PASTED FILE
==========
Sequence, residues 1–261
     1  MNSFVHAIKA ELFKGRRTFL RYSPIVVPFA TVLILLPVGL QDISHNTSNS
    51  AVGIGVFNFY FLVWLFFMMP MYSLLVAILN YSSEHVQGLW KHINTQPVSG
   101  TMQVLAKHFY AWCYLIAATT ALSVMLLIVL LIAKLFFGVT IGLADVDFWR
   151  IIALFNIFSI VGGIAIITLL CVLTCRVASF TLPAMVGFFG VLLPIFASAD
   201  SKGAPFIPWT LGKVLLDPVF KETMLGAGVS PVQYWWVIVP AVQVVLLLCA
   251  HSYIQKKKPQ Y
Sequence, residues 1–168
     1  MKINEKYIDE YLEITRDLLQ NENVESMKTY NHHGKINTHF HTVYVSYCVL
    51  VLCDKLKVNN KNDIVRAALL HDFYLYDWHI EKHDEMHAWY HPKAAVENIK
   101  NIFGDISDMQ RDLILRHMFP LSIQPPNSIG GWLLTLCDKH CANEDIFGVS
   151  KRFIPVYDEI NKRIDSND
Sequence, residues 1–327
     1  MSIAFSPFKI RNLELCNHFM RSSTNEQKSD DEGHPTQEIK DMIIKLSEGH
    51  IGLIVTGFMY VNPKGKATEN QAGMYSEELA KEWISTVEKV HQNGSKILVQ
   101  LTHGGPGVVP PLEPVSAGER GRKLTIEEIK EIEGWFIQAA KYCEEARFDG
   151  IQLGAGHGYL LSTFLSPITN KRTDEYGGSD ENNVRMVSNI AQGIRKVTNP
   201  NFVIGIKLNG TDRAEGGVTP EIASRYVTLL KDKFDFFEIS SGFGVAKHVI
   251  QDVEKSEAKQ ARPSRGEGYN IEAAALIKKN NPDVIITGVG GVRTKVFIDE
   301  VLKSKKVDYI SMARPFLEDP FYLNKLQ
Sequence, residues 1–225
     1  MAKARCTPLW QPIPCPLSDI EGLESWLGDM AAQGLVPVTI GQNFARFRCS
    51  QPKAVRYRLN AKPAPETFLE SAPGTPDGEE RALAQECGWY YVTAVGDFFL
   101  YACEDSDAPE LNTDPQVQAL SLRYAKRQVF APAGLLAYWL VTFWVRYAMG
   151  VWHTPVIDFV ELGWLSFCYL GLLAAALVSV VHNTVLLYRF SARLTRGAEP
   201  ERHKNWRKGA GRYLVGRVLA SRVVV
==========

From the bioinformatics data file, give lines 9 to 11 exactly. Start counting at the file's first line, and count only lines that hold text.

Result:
     1  MKINEKYIDE YLEITRDLLQ NENVESMKTY NHHGKINTHF HTVYVSYCVL
    51  VLCDKLKVNN KNDIVRAALL HDFYLYDWHI EKHDEMHAWY HPKAAVENIK
   101  NIFGDISDMQ RDLILRHMFP LSIQPPNSIG GWLLTLCDKH CANEDIFGVS